Set and keep to boundaries
My favourite poet, Robert Frost, once advised us that: “Good fences make good neighbours.” In the quest for the right work-life balance and workplace wellbeing, building the right fences can be your best friend.
In the first of my five principles for achieving and maintaining the right work-life balance for you, I wrote about the importance of being honest with yourself and those around you. Now we build upon that thought and look at setting the right boundaries (or fences) for you. The right rules of the game. The framework in which you are prepared to operate. How and when you will work.
Boundaries in the context of work-life balance are about setting the right terms of reference or rules of engagement so that expectations are set and managed; what your employer can expect of you and what you can expect of them. This is your chance to shape how your experience in the role will pan out.
Most people in the workplace make the mistake of having these things agreed for them; imposed on them; put in place without their input or explicit sign off. It just happens.
The traditional way this works is that you get offered a new job. You are excited about it. You really want it. That stands to reason, since you’re likely to have applied for it and gone through a fairly painful, time-consuming and stressful process to land it. As a result of this – and with the fatigue that often accompanies an appointment – you just want to get the paperwork signed, passports scanned and starting dates agreed.
Before you have time to take a breath, you’ve started, you’re two weeks in and your focus is on making a good impression and proving your new boss’ judgment in appointment you was a master stroke. Your eagerness to “hit the ground running” means that you can get off on the wrong foot.
We all know the cliche of “start as you mean to go on” but few of us really take that to heart as we start a new role. By the way, the same principles and approach apply to getting a new boss; moving teams; returning after a period off sick; coming back to work after a maternity or paternity break; or any time there is a natural break or change at work. The start of a new calendar, financial or performance year could also be a good time to hit the rest button.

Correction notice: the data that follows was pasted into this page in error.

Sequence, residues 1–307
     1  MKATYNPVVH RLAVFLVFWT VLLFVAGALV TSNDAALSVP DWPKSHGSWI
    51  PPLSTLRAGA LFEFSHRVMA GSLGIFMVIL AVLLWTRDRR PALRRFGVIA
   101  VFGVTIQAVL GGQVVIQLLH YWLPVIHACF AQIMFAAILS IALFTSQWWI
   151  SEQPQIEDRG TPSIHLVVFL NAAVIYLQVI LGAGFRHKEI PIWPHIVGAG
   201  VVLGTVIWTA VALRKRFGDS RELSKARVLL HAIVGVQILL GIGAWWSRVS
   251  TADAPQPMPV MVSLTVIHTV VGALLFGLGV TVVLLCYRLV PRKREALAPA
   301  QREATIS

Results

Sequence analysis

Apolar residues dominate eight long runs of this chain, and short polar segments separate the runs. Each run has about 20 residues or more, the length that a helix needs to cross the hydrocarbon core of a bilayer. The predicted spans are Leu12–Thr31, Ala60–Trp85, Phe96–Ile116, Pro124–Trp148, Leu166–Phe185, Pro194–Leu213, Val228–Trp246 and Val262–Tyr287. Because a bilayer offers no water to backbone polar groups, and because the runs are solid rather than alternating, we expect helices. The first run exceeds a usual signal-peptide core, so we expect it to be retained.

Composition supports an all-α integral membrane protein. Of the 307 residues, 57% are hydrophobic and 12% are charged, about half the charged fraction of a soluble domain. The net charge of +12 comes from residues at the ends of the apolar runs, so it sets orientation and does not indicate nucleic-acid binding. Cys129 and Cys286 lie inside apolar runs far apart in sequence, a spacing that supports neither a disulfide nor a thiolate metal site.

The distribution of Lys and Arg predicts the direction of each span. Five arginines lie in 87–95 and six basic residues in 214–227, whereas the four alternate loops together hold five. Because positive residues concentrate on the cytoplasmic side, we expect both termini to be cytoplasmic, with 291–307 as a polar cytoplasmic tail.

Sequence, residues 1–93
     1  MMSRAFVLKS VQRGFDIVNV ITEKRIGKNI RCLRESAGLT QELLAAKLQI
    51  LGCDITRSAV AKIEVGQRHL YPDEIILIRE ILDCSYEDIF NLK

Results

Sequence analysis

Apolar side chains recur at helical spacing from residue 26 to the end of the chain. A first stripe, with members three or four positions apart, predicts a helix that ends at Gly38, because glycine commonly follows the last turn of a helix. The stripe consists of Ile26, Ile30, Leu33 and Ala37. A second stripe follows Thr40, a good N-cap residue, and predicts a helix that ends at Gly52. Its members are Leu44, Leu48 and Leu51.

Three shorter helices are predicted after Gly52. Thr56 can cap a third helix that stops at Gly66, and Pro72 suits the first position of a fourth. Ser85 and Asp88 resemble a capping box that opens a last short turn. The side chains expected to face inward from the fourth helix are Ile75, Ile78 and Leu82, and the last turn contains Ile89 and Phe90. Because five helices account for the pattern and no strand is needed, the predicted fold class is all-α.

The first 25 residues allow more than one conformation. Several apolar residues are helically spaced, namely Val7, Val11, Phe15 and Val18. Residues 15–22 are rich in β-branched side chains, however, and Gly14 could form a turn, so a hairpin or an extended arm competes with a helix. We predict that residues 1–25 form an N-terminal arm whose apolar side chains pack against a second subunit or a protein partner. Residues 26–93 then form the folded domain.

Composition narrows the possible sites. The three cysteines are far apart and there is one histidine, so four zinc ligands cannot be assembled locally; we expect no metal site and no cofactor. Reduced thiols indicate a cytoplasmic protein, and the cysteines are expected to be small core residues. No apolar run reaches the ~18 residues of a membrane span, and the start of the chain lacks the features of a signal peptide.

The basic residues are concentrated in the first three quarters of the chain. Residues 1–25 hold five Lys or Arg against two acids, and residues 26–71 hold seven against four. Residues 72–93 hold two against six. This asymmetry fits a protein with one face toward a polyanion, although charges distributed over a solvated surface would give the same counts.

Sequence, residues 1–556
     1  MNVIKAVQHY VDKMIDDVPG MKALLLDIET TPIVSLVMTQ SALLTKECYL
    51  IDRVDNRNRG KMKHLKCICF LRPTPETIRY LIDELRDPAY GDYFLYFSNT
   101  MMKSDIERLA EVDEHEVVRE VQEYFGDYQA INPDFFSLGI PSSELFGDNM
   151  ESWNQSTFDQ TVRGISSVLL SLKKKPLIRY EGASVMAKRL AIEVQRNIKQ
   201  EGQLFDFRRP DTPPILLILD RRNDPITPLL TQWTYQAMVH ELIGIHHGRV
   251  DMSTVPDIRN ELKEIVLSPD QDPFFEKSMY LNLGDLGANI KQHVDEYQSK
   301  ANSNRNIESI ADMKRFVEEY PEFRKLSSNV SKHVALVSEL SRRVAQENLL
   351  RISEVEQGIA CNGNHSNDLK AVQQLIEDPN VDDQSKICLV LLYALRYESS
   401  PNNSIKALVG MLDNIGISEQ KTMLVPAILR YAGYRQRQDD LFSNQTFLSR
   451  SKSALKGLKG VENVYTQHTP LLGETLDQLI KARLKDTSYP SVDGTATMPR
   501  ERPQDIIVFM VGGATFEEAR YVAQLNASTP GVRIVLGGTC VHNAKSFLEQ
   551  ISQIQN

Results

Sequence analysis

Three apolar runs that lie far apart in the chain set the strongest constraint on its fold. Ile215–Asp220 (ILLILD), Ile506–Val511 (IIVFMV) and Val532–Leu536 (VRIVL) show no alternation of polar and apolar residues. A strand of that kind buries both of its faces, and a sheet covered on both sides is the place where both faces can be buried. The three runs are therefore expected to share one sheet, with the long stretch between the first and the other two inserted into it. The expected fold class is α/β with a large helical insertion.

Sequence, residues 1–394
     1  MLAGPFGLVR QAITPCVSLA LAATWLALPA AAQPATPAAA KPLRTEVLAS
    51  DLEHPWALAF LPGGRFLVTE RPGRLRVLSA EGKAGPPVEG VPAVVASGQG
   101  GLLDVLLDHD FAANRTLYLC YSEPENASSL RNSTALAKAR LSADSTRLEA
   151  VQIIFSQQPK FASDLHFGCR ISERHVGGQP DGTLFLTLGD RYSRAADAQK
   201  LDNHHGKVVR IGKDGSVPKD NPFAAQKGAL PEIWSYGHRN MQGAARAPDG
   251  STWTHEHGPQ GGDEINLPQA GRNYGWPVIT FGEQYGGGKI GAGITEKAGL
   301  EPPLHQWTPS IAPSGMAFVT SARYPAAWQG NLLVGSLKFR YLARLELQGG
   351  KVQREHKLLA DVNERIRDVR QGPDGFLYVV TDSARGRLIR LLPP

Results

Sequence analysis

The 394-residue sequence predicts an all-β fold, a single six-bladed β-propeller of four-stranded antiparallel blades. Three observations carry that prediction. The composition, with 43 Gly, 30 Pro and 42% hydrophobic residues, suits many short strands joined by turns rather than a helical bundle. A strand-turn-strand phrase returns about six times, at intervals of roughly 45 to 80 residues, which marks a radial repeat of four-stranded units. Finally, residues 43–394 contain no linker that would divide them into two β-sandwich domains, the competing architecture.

So, what is the alternative?
You need to be clear – 100% clear – about how and when you will work. You need to take the lead. You need to draw your boundaries yourself. You need to have a grown up conversation about how you see the role working out. I have done this with all my recent clients and before I took on my current role at LJMU. Whenever you do it – either before or after the role is offered and accepted – the earlier the better. In my experience hardly any employers or new bosses will instigate this conversation – and if they do it is unlikely to be for your benefit but because they want you to agree to terms and conditions that suit them. You need to own this; you need to drive the conversation. Get there first.
The advice here is not to be a nightmare employee who makes unrealistic and unreasonable demands, or who gives the impression of total inflexibility and intransigence. This is about getting a healthly approach to work so that you will enjoy it and your employer will get the most out of you. This is about workplace wellbeing – something that every employer who is worth their salt is talking about and says they are committed to – so call them on it; call their bluff; make them put their money where their mouth is. But do it in a mature, co-operative and sensible way.
How does the conversation go?
“I am really excited about the role and the organisation and want to bring a lot to this job. I also want to really enjoy it and achieve the right work-life balance for me. So, I would like us to talk about how we can work together. I know how I like to work and how you will get the best out of me. For example, I like to start early/late and finish early/late.”
You need to be clear about which suits you. Spell this out. Use specific times to illustrate what you mean. This is not a good moment for ambiguity. Say exactly what you mean. If you would like to work at home one day a week or every so often, ask about this as soon as you can. Ask what day is the busiest/least busy for meetings. Ask if there other team members who work at home or work part time. Ask what suits the organisation for you to have a late start one morning if that suits you.